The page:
In an effort to relieve the suffering of surgery patients, Dr. Thomas Bolton painstakingly develops an opium-based anesthetic, to which he gradually becomes addicted. In order to provide a continual supply of chemicals to continue his experiments and support his addiction, he falls in with a den of murderers who use his signature to sell cadavers to the local hospital. Written by
Doug Sederberg <firstname.lastname@example.org>
The censors successfully lobbied to have three scenes omitted: (1) The close-up of the leg amputation. (2) Lee's stabbing the night watchman in the back. (3) Karloff's throwing acid in Lee's face. See more »
The light used on Lee's entrance varies from shot to shot. See more »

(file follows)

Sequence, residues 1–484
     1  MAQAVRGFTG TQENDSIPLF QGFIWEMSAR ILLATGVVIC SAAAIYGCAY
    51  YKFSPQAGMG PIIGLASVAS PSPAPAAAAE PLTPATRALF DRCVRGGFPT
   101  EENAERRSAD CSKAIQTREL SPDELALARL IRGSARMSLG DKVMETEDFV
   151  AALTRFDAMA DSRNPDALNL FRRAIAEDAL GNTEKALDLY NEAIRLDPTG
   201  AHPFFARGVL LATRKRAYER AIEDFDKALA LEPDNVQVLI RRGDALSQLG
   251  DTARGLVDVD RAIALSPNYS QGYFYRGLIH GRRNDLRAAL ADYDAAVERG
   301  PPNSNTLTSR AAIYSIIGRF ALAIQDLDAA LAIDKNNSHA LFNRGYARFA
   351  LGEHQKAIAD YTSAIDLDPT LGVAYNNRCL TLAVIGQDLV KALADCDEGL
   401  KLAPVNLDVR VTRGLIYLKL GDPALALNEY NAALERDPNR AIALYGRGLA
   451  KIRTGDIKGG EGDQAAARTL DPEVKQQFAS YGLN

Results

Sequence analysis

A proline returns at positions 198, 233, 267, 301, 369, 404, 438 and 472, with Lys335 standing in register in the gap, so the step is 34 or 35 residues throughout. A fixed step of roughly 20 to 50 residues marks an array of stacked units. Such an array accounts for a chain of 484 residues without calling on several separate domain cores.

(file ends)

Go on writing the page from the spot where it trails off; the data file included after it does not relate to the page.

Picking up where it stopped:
Boris Karloff, as usual, is a joy to watch, as is Christopher Lee, who was right on the verge of becoming a big star in the Hammer films. This film is also notable for strongly evoking the grimy atmosphere of those out-of-the-way areas in 1800's England, worthy of comparison to David Lean's "Oliver Twist" (1948). Coincidentally, not long after seeing this film I happened to read the true life story of Horace Wells (1815-1848), a Connecticut dentist who experimented on himself with ether, chloroform, and laughing gas in an effort to discover a painless method of oral surgery. He succeeded, but became an addict in the process; his behavior subsequently became so violent that he was placed in prison, where he committed suicide. I wonder if Karloff's character in this film is at least partially based on Horace Wells.
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